Tag: B2B marketing

Ralf HallerRalf Haller January 12, 2012

How B2B marketing works

So what makes B2B marketing different than the better-known consumer and retail marketing, as taught in all marketing classes? To give the answer right away: it is all about the Door Opener, problem-based marketing, to identify what problems customers have, make them aware of it and then provide proof that you have the best solution to solve it. B2B marketing gives answers to the question “Why do I need it?”, whereas consumer and retail marketing addresses the question “Which one should I buy?”.

Why is it that there is such a fundamental difference between B2B and B2C marketing?

In order to answer this one has to look into the history of marketing. During the years of the industrial revolution many new mass products were created. ┬áThese new products were unknown, so marketing at that time had to first explain what it is and why one would need it. This is the same as today’s B2B marketing. Then over time these consumer products were well-known and there was no point in explaining what a fridge or oven or whatever was, and why it is good to have one; people knew that. So marketing shifted away from explaining and moved to differentiation and associating the product with an image such as good feelings or celebrities using it. The age of brand marketing started where people bought brands and less so new – unknown – products.

Marketing literally forgot about problem-based marketing as it was not needed. For B2B marketers this is not the case, since there you need to identify and explain the problem/pain first. Often the customers do not even recognize it since they have workarounds, just as people bought ice, and had cool cellars or even ice houses before the refrigerator arrived. Only once you tell them convincingly that there is a problem and that your solution will provide benefits will they be receptive. Consumer marketing would not – I hope – convince a CIO to use a new software across its organization.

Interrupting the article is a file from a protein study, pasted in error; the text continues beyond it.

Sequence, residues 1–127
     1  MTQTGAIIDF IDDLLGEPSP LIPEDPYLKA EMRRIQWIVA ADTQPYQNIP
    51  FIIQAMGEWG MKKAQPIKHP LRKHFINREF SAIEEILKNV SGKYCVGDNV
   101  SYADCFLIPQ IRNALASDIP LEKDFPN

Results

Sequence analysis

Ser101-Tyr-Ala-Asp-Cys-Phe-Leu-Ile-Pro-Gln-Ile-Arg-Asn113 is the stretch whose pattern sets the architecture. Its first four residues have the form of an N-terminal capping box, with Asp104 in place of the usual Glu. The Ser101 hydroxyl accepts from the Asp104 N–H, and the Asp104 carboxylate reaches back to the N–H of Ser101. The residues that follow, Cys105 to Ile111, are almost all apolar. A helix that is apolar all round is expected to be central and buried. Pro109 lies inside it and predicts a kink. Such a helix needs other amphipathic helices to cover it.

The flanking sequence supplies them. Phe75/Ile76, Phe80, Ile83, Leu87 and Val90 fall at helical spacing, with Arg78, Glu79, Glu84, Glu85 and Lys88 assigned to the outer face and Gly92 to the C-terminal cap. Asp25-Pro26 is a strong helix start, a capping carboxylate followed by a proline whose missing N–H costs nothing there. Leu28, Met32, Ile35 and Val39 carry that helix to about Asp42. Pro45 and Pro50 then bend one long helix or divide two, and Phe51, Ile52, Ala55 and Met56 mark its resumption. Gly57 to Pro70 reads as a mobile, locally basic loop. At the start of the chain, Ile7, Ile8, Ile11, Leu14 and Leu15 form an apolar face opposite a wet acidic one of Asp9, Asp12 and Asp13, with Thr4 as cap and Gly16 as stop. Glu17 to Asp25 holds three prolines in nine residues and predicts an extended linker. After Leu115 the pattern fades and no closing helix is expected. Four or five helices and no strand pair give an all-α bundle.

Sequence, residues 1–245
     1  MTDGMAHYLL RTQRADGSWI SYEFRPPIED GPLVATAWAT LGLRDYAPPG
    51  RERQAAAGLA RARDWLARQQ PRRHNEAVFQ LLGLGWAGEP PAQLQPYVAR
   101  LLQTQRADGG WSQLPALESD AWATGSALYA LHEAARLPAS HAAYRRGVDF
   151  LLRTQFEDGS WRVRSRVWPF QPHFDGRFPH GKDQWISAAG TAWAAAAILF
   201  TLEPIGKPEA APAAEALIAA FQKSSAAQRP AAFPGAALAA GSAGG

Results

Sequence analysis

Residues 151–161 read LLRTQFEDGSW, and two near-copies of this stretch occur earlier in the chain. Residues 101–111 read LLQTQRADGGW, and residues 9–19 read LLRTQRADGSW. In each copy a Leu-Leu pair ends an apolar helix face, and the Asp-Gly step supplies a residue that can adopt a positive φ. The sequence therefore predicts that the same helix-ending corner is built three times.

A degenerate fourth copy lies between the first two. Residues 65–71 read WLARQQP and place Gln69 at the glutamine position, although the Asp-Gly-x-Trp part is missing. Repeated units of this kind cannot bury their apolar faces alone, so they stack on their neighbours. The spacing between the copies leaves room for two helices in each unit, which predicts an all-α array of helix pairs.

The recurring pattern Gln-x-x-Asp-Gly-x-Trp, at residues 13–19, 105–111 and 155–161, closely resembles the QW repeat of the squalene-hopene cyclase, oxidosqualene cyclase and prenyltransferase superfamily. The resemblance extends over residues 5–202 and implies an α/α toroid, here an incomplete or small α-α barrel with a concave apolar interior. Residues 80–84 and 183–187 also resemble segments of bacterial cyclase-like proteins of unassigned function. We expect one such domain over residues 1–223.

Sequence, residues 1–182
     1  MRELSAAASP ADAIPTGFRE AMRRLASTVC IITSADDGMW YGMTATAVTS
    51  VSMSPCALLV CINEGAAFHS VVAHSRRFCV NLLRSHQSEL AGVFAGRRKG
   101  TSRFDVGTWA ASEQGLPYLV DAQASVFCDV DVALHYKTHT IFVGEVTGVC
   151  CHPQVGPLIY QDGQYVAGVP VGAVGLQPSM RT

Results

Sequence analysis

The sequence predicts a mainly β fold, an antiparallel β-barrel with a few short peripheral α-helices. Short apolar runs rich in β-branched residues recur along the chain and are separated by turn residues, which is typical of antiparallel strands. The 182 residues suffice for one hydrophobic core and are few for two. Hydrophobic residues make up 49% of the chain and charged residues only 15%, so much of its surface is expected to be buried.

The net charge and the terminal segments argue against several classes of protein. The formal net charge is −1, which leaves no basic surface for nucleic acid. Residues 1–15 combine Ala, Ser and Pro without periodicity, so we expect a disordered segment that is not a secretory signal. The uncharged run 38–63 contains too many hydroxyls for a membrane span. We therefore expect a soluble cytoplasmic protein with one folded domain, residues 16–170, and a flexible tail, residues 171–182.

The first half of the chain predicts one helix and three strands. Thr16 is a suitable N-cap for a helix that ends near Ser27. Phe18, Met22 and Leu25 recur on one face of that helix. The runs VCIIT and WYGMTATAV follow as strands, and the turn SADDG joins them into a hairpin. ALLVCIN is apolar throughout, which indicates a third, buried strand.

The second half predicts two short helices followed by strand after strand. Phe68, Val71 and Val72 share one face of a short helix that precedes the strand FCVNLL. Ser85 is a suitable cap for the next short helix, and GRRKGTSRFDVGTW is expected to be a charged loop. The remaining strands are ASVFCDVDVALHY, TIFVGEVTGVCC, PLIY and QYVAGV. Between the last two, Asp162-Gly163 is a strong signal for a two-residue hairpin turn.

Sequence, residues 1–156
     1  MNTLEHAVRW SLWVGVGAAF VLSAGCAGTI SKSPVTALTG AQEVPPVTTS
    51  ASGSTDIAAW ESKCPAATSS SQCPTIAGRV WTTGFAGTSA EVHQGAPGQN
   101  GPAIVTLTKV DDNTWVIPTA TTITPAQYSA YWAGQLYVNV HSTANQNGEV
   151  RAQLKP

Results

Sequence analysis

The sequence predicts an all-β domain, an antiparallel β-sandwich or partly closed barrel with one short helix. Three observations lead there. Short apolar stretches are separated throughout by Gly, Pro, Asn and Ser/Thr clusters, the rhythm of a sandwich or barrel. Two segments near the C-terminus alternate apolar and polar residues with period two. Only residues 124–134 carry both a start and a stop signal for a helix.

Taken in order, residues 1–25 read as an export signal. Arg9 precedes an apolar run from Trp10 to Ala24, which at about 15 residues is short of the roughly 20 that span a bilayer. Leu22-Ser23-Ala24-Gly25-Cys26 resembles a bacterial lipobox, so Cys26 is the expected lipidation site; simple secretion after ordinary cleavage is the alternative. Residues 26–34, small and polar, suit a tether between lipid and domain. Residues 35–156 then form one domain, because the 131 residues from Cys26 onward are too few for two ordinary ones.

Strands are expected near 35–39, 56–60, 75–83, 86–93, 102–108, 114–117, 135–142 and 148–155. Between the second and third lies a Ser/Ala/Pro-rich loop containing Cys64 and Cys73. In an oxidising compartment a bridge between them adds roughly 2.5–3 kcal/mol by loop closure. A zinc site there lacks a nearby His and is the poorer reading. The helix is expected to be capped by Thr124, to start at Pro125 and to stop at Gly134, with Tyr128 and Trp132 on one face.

Of course companies still try to do that and are surprised when the targets protect themselves from vendors’ pleasantries and approaches. To get decision makers to events you need to address issues, problems that they might also face and then offer solutions. In my experience, the more concretely that is done the better. It then also does not really matter if you have 600 people attending or “only” 60. If among the 600 you have everybody and their son then I highly prefer the 60-people event with very interested people who come to find solutions for current problems they face. So in short its about the quality and not the quantity. Some samples from ads in 1930 I collected below. One ad explains that a fridge allows you to make ice cheaper and more conveniently, another one uses a better can opening mechanism as a differentiator for beer, and one ad for a public rural telephone device says it is easy to use for – even – fruit growers. Back during those times every marketer was a B2B marketer.

Ralf HallerRalf Haller January 11, 2012

What’s the difference between B2B and consumer/retail marketing ?

Had an interesting meeting yesterday with an equally interesting startup in Switzerland talking also about why it is hard to find good B2B marketers in Europe and if that is maybe the reason also why there are so few good IT startups to be found here.

Reading the book “Selling to the C-Suite” from Nicholas Read and Stephen Bistritz right now, I also came across this exact issue where they write the following interesting lines:

So it’s really not surprising that when we ask marketing directors in B2B organizations to explain their marketing mix, we learn that they are technically proficient at segmentation, database scrubbing, and targeting, as well as in using multichannel print, online, and digital media strategy. The names in the database are usually the right business contacts. And if their performance indicators are to release X number of press releases to analysts and journalists per year, run Y number of conferences and events to achieve minimum attendance goal, and pull Z number of leads from these conferences and trade shows, then most B2B marketing managers end their year feeling that they’ve done a pretty good job. And if they’re working in consumer retail companies, they’d be right. But not if they’re working in B2B. Most people don’t give this much thought because all through their career, marketing leads have been so-so, and they probably think that’s just how it goes. …

And to cut them some slack, how could they ever have been taught it when all the marketing theory taught in today’s schools is based on the household consumer goods model, which dropped the concept of problem-based marketing half a century ago?

So what is good B2B marketing is what needs to be answered next. Stay tuned….